Historic Vote Puts More Bite in First Animal Abuser RegistryPosted on May 11, 2011
Suffolk County, New York Adopts Law Requiring Checks to Prevent Animal Abusers from Purchasing, Adopting Pets
For immediate release
Lisa Franzetta, Animal Legal Defense Fund
Megan Backus, Animal Legal Defense Fund
Huntington, NY – The Animal Legal Defense Fund (ALDF) is applauding Suffolk County, New York for yesterday’s vote to require pet stores, breeders and animal shelters to determine if prospective pet owners appear on a registry of abusers before allowing the animals to be purchased or adopted. This measure gives even more teeth to a measure passed by Suffolk County lawmakers last October creating the world’s first animal abuser registry.
The law, sponsored by Legislative Majority Leader Jon Cooper (D-Lloyd Harbor) would require all pet stores, breeders and animal shelters operating in the County to ask for photo identification from prospective owners and adopters. They would then be mandated to check those names against the animal abuser registry created by Cooper last October. Exempt from Cooper’s law is the requirement to check names if the prospective buyer is purchasing feeder animals (which typically are mealworms, crickets or mice) for another pet. Penalties for any business or agency that violates Cooper’s law will be a $500 fine for the first offense, $1,000 for the second offense and $1,500 for all subsequent infractions.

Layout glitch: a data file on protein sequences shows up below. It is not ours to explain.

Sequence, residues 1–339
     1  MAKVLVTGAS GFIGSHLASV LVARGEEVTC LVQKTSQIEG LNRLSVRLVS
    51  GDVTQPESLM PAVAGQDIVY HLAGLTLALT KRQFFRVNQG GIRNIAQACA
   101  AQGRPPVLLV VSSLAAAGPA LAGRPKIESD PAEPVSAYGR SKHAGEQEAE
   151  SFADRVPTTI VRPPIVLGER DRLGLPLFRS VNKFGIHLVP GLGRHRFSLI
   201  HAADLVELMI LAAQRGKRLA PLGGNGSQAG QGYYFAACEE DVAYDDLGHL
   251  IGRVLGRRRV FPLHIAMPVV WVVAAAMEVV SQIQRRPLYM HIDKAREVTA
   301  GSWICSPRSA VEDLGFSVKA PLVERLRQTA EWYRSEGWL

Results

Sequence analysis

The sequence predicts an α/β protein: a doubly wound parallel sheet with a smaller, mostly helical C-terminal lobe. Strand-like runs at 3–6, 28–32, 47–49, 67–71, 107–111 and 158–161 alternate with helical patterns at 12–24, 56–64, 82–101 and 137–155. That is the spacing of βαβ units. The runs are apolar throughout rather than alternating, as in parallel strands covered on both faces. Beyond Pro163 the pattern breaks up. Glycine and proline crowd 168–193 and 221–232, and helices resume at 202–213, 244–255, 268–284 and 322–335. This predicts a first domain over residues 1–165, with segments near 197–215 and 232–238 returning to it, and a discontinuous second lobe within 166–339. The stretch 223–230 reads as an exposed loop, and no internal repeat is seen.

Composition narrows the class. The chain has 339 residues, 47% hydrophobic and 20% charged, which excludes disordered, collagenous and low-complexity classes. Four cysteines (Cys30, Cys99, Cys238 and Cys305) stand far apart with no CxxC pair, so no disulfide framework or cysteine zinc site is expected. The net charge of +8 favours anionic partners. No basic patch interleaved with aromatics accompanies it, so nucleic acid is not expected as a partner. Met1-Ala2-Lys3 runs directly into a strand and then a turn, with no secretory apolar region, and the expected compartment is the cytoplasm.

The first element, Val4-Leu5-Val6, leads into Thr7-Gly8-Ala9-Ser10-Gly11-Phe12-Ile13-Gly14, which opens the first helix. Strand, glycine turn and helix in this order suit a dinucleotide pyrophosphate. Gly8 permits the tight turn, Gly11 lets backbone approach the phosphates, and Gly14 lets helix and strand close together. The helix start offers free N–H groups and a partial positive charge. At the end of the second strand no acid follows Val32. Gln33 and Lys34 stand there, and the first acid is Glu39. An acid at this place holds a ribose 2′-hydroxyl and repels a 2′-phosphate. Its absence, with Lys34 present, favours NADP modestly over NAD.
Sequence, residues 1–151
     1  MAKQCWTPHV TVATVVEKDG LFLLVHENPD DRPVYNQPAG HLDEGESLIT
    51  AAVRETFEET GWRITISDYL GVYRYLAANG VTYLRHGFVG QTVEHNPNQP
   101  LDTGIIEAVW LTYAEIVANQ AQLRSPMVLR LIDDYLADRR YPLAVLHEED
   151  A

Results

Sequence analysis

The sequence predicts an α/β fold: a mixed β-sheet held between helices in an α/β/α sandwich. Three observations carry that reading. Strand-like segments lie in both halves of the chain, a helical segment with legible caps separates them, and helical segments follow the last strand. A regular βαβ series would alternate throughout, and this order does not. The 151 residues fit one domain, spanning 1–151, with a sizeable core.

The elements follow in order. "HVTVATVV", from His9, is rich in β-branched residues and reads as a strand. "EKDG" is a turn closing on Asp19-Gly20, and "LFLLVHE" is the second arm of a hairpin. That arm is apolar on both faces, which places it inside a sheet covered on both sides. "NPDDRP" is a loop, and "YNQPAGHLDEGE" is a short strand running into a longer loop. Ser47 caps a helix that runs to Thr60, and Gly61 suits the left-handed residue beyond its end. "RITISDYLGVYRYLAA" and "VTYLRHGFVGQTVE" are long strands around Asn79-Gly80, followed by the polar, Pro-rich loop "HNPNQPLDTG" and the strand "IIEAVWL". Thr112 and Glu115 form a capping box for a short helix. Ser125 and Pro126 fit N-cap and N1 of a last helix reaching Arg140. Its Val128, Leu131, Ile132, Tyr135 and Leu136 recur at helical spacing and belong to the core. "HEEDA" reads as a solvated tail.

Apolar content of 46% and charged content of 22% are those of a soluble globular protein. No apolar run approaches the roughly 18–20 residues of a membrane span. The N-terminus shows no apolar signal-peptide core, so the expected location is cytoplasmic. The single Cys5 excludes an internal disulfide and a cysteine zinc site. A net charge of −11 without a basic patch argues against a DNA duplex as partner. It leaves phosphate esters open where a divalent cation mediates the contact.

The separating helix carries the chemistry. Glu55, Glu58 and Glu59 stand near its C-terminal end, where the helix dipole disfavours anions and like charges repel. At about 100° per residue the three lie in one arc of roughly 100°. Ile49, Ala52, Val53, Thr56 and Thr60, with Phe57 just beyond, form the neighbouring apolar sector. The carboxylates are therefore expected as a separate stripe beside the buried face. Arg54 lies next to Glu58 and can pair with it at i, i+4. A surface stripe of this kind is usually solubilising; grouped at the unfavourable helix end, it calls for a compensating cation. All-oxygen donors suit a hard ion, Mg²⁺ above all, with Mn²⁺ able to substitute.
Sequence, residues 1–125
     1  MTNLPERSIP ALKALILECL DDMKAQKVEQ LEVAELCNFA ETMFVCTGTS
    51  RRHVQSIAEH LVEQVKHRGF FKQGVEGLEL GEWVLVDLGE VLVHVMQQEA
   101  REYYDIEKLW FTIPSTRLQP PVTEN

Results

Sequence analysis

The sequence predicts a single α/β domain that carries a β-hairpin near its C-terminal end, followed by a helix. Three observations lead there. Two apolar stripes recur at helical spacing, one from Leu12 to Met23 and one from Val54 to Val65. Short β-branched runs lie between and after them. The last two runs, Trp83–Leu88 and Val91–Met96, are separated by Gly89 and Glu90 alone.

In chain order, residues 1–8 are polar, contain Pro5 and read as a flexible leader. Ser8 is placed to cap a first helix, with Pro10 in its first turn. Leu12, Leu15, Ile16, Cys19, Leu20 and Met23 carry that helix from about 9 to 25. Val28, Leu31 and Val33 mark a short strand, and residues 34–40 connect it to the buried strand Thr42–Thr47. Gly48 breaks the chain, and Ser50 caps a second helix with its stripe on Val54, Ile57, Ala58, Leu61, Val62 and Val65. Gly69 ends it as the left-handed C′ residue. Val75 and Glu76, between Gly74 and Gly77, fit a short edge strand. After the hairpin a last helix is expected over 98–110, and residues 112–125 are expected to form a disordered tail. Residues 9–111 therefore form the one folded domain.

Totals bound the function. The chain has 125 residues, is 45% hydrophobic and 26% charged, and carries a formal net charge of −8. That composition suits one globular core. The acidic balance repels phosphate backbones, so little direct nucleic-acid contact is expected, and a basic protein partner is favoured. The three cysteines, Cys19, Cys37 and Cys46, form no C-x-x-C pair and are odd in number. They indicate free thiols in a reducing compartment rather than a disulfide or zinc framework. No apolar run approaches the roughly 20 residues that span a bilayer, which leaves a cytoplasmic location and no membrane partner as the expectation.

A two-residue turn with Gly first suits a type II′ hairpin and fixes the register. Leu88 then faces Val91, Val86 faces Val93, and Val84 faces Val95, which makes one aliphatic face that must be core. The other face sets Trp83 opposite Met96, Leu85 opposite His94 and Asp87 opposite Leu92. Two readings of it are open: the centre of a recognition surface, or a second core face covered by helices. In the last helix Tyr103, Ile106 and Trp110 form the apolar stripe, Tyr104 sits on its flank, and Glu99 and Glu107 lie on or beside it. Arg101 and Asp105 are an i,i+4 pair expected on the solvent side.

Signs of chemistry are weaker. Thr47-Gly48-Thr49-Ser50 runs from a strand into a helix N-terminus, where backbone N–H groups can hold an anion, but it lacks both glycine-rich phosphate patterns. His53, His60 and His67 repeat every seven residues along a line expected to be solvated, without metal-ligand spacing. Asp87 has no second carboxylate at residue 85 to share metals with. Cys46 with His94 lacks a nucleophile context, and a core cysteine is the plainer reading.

Last year, working with the Animal Legal Defense Fund, Cooper championed the ground-breaking legislation known as “Justin’s Law,” which became the world’s first public registry specifically devoted to those criminals who are convicted of abusing animals. Like Megan’s Law for child sex offenders, convicted animal abusers are required to register their names, aliases, addresses and submit their photograph for inclusion in a publicly accessible database. More information on ALDF’s national campaign to promote animal abuser registries across the country can be found at www.ExposeAnimalAbusers.org.
"This common-sense resolution is a crucial companion to Suffolk County’s new animal abuser registry and will help save countless animals from getting into the hands of convicted abusers," said Stephan Otto, attorney and director of legislative affairs for ALDF. "We salute Legislator Cooper for his leadership on this resolution, and are extremely grateful to all the other legislators who voted to protect those animals who are the most vulnerable in Suffolk County."